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  1. I know what a joist is. I don't know what the pitch of his roof is, or what the building code is where he lives, but the joists are generally every 18", unless you have a very shallow pitch. He said the joists are at 10'. He also said he wants to hang his netting at 12'-13', which would be above the joists, leaving the joists exposed. From the original post: " if my joists are at 10 feet, what height netting is required to have enough slack and prevent bounceback? I was thinking 12 or 13 feet in height for safe measure." Even at 10' from the screen/back net, I can get a ball more than 10
  2. TPC Myrtle Beach is (maybe) half a step below Caledonia, and (at least) a step above the rest on your list. Same general area as well. I was expecting it to be punishing, being a TPC course, and it probably was from the tips, but from the middle tees, it was challenging but very fair. Tradition Club, Willbrook, and Wachesaw East are also south of MB proper, and great tracks. Have not personally played Blackmoor, but have heard great things about it. The International is a cheaper option in that area, but nothing special. Indigo Creek is a hard pass unless you're looking for a super
  3. If your joists are at 10 feet, why wouldn't you want your netting hanging below them? If you hit a ball off a joist, that's going to be a huge safety risk. You want to be at least 6 inches, preferably at least a foot, from any structure, including joists and walls. You want your netting to be able to have about 6-8 inches of give without hitting what's behind it. That gives it enough slack to absorb impact, without enough tension to cause springback. As far as the tees, check out Tomahawk tees. They're great for hitting off mats or frozen ground. For my sim setup, I just attach them to a pi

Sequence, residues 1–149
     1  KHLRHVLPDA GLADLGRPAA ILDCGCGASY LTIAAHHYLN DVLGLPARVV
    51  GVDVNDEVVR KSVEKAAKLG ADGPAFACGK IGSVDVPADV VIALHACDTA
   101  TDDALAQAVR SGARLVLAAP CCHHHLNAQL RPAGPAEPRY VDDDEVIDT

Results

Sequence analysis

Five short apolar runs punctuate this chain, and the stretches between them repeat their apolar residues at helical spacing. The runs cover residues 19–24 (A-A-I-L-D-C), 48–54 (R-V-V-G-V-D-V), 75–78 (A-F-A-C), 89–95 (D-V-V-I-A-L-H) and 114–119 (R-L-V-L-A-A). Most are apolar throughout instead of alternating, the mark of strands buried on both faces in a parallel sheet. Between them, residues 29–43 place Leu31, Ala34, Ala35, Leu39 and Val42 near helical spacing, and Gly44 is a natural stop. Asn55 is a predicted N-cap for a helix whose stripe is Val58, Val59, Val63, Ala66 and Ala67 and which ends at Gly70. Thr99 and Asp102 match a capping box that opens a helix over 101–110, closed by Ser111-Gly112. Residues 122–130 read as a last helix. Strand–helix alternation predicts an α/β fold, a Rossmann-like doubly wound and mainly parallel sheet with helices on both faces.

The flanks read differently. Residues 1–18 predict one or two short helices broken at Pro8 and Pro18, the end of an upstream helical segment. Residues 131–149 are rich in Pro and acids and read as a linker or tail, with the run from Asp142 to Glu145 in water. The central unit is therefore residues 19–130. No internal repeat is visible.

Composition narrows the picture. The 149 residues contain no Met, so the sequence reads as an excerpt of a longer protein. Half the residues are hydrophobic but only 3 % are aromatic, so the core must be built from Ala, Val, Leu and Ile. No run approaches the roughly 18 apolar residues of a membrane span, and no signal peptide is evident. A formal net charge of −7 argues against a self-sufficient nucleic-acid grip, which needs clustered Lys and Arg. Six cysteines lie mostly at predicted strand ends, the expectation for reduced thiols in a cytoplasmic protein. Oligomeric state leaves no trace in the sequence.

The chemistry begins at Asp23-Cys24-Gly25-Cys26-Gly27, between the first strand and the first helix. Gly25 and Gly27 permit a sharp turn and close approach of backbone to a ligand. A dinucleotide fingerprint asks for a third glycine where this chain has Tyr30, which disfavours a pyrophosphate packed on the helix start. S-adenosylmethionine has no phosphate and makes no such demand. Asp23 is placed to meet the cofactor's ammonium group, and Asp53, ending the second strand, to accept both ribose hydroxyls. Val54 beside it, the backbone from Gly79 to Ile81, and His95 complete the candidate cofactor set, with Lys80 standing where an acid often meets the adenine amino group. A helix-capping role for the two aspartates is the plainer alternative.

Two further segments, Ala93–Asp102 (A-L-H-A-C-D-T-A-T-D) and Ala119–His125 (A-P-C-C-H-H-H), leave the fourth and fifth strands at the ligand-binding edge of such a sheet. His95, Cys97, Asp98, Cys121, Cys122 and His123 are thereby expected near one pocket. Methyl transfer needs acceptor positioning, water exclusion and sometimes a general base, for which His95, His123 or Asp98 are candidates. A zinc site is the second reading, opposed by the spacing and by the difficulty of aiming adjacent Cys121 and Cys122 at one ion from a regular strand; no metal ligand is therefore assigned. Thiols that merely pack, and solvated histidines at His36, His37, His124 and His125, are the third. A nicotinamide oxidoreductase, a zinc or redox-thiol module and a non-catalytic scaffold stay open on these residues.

4. I used to have a problem with a death grip on the club. I switched to midsize grips, and eventually to oversize grips, and it has definitely helped. With the larger grip, I feel much more comfortable with a more relaxed grip. I use Winn DriTacs, which are pretty soft and tacky. People have complained about durability, but I get at least a season out of mine, and I play a LOT of golf (right around 150 rounds this year so far).
  5. Too much (or improperly applied) heat in removing the old tip can damage the shaft. Something any competent club builder can handle, but if you get a hack, they could VERY easily destroy your shaft.
  6. I've been using the ones from Harbor Freight behind my net and my screen for 3 years. Not a single tear or hole.
  7. Just went back and looked at my recent score history. My last 20 18-hole scores are over the course of the last 6 weeks, and include a number of combined 9-hole scores. Current index is a 9.4. Scores range from 79-93. The 93 is a bit of an aberration, it was a combined round from a couple days when I was fighting through kidney stones Out of the 20 scores, all but 3 were on my home course (72.0/128). 10 of 20 are between 84 and 86, 5 are equal or better than my course handicap. I'd say my numbers are very typical. Even accepting the fact that a better player is g